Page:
With sororities come stereotypes; it is the unfortunate reality of the community. This being my third year in the Greek Community, I have encountered my fair share of Greek stereotypes and have adopted the “take the good with the bad” mentality. Not all sorority women are the gum-popping, hair-twirling, bra-stuffing, sloppy partiers as seen on the big screen. But I am willing to live with the stereotype as a vapid, shallow and hard-partying college girl if it means participating in what I believe to be a wonderful organization.
Many people are unaware that the first sororities were not founded as 19th-century organizations, in envy of fraternities, but as part of a social movement to engage women intellectually as well as socially. At the time, sororities allowed women to talk openly about topics such as philosophy and politics, which were taboo for women to discuss and merited a secret society. That being noted, I would never “Go Greek” if it was merely a willing submission to objectification, as some outsiders tend to assume.
Admittedly, recruitment tends to involve matching outfits and loud chants, but it is the farthest thing from glorified pageantry. Each sorority is founded on its long-standing values and recruitment is a time to find friends to share these values and traditions with. Not having any Greek-affiliated family members, I was clueless as to what to expect during formal recruitment, but knew it would be an easy way to meet a lot of people. To any friendless, out-of-state freshman, it sounded appealing (for the record, my leggings and Northface were owned prior to joining a sorority.) It wasn’t until I lived in a chapter house that I fully realized the true benefits of joining the Greek Community.
Eager to escape the watchful eyes of their parents, most high school seniors are anxious to live on their own in college. But then why do so many freshman women commit to living in sorority houses with a house mom under a roof of rules and regulations? What is so appealing about living in a house full of young women? Well, the impeccable cleanliness, homemade meals and bus boys are benefits to name a few — but these are not the main selling points. Having lived in a sorority chapter house for a year and a half here at Michigan, I can testify that “living in” is an unparalleled experience that has undoubtedly taught me more than just how to share a bathroom with dozens of other girls.
As an executive board member, I lived with 60-plus women who were not only my friends but also women with whom I worked to make decisions for the betterment of the entire chapter. I had to learn to seamlessly transition from my leadership role at formal chapter to my peer role during playful nights in the kitchen. This unique environment allowed me to flourish interpersonally as a leader and also as a member of a larger community. The atmosphere of a chapter house is rich with opportunities, often influencing members to join more clubs or attend campus events to support their sisters. However, the best part about “living in” is not the leadership or extracurricular opportunities but having hallways filled with your best friends.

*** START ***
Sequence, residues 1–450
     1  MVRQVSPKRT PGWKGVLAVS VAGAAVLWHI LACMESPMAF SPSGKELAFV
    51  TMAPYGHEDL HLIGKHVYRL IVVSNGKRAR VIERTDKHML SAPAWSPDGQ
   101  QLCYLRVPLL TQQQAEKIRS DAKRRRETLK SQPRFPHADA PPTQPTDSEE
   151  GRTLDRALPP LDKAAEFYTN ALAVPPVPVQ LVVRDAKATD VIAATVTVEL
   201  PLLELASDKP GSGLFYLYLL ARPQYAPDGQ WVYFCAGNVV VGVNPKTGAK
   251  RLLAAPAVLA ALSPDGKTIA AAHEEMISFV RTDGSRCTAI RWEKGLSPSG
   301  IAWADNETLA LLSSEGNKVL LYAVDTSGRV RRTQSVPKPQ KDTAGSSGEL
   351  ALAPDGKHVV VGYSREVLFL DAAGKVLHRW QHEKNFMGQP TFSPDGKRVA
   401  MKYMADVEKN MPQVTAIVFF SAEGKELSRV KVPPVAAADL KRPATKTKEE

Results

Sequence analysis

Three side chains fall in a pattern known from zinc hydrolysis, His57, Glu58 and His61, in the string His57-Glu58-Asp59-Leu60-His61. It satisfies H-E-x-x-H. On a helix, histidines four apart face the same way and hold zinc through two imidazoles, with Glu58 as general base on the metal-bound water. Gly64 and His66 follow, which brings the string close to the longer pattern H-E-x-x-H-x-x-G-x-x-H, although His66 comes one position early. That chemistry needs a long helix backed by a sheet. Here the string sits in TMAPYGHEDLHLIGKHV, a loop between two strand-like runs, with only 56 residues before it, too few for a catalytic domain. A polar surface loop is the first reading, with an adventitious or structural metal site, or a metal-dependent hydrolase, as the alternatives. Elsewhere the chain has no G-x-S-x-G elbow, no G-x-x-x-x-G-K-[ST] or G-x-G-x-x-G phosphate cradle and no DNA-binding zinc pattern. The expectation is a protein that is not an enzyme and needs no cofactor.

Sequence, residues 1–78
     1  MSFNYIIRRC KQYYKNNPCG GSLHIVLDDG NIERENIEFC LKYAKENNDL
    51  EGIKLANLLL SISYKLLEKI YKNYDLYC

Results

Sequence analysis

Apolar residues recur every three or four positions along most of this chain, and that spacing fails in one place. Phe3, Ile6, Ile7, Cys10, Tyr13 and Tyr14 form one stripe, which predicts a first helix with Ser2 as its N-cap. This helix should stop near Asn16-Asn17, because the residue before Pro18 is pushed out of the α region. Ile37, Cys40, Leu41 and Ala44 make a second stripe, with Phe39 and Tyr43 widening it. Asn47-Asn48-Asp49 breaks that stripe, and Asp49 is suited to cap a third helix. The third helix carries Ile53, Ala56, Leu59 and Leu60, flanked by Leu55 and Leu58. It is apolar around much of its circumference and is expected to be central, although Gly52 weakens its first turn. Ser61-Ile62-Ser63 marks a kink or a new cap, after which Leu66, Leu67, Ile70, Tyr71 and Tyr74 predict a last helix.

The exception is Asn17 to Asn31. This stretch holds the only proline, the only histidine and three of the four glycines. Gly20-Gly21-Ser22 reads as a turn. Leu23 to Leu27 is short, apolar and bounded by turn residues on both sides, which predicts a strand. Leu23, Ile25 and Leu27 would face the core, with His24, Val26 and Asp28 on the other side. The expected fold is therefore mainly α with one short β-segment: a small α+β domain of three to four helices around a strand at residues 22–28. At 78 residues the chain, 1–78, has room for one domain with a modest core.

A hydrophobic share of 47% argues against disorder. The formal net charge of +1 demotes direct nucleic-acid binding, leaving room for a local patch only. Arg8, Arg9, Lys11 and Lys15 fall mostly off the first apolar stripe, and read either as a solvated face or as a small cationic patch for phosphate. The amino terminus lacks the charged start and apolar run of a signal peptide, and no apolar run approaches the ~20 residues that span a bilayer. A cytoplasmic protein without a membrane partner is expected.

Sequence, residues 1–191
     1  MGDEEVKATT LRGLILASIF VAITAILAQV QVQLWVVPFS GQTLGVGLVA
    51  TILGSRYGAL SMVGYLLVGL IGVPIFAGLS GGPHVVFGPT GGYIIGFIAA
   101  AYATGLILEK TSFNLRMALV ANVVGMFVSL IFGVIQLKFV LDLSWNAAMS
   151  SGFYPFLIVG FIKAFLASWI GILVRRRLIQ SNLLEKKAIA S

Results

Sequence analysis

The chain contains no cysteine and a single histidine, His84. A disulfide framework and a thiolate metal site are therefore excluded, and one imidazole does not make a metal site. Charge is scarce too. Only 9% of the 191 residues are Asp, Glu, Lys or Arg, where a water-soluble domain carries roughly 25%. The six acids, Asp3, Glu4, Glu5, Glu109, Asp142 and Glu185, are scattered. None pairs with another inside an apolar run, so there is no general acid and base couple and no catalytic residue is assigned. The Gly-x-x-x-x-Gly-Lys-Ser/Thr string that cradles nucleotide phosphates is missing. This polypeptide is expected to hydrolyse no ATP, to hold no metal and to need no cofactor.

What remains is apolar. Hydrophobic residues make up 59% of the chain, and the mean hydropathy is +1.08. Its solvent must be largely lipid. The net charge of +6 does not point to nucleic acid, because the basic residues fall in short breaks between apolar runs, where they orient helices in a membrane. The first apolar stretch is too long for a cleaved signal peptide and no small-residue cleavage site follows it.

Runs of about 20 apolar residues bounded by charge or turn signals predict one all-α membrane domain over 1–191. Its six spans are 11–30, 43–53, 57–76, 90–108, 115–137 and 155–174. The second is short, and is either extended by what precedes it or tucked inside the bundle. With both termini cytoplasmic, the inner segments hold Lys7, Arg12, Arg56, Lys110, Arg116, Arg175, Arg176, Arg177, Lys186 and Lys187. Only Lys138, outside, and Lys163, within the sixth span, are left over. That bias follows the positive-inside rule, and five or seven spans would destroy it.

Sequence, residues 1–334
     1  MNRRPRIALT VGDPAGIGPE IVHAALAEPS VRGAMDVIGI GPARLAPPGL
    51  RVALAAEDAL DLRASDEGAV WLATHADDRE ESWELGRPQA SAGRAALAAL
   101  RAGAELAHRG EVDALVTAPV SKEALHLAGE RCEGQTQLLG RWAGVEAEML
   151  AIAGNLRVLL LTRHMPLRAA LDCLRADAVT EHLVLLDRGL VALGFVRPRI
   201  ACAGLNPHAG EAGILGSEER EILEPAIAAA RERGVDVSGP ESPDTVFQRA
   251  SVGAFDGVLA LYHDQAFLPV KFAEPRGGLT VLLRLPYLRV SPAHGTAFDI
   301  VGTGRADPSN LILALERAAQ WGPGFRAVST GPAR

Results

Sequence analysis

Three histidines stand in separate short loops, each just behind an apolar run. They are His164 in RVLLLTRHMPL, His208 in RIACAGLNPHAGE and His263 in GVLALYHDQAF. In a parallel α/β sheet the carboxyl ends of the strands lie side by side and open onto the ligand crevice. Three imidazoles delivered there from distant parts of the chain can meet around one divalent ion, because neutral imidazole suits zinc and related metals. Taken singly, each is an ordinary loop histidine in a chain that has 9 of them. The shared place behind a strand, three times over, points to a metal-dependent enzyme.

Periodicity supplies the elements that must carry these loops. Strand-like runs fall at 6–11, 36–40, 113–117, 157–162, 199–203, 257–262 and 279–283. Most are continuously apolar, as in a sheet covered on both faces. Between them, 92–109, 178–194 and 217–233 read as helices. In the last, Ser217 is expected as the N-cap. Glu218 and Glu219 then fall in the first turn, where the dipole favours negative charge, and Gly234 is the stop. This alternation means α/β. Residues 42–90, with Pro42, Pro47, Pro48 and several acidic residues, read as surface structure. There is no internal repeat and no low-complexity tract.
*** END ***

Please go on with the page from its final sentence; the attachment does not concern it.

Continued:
Of course, living among such a large, diverse group of women requires considerable amounts of cooperation, patience and understanding, but this diversity gives the house a culture of its own. Arguably, the residence halls provide the same diversity. But unlike other forms of housing, the women who occupy a chapter house share the values instilled in the tradition of their sorority. Despite the stereotype of being a locale for partying sorority girls and midnight pillow fights, chapter houses are ideal environments to strengthen character, with a support system for the women who occupy them. While I’m happy to finally have a kitchen and my much-desired own bedroom in an off-campus apartment, a part of me will always miss living in a sorority.
Sororities aren’t perfect institutions. Like any other organization, they have their flaws. Among other things, our inherent competition and self-perpetuated stereotypes are areas in need of improvement. But then again, like other organizations, sororities allow their members to develop leadership skills, foster campus involvement and, most importantly, make friends who make college the best four years of our lives.
Lauren Hartstein is the Panhellenic Vice President of Recruitment Internal.